The discoloured fish that rest in glass jars in museums across the world are normally used by specialists as references to study the traits that identify certain species. But a new study proposes an additional use for such ‘samples.’
Published in the Journal of Applied Ichthyology, the paper proposes using such specimens to estimate the length-weight relationships of fish that are hard to find alive in their natural environment.
Haenyeo, woman diver of Jeju Island, South Korea. Photo by Andrew Trites.
Women’s fishing activities around the world amount to an estimated 3 million tonnes of marine fish and other seafood per year, contributing significantly to food and livelihood security in all regions of the world. However, these contributions often go unnoticed.
A new study by researchers at the University of British Columbia aims to address this oversight by assembling and presenting the first quantitative estimates of catch by women and the associated value of what is brought to shore, on a global scale.
More than eight million to 14 million tonnes of unreported fish catches are traded illicitly every year, costing the legitimate market between $9 billion and $17 billion in trade each year, according to new research.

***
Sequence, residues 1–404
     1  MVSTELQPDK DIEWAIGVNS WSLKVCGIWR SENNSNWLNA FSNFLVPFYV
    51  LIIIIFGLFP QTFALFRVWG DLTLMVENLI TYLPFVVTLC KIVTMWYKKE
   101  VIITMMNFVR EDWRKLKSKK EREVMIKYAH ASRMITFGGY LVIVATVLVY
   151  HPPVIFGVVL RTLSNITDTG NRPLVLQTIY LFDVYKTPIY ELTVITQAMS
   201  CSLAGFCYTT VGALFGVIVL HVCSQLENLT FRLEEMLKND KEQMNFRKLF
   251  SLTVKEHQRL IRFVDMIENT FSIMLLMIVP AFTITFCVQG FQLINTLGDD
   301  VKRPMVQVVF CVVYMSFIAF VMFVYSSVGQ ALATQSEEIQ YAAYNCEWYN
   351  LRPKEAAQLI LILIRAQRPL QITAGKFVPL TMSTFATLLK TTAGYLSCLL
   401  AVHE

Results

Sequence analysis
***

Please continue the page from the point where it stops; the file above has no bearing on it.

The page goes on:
In a paper published in Science Advances, researchers from the Fisheries Economics Research Unit and the Sea Around Us initiative, both based at UBC’s Institute for the Oceans and Fisheries, as well as the Sea Around Us – Indian Ocean at the University of Western Australia, looked at catch losses for 143 countries and found that significant amounts of seafood are being illicitly taken out of the food supply system of many countries, impacting the nutritional food security and livelihoods of millions.
For more than 40 years, Dr Daniel Pauly, principal investigator of the Sea Around Us initiative at the University of British Columbia’s Institute for the Oceans and Fisheries, has been collecting evidence to further develop his Gill-Oxygen Limitation Theory, also known as GOLT.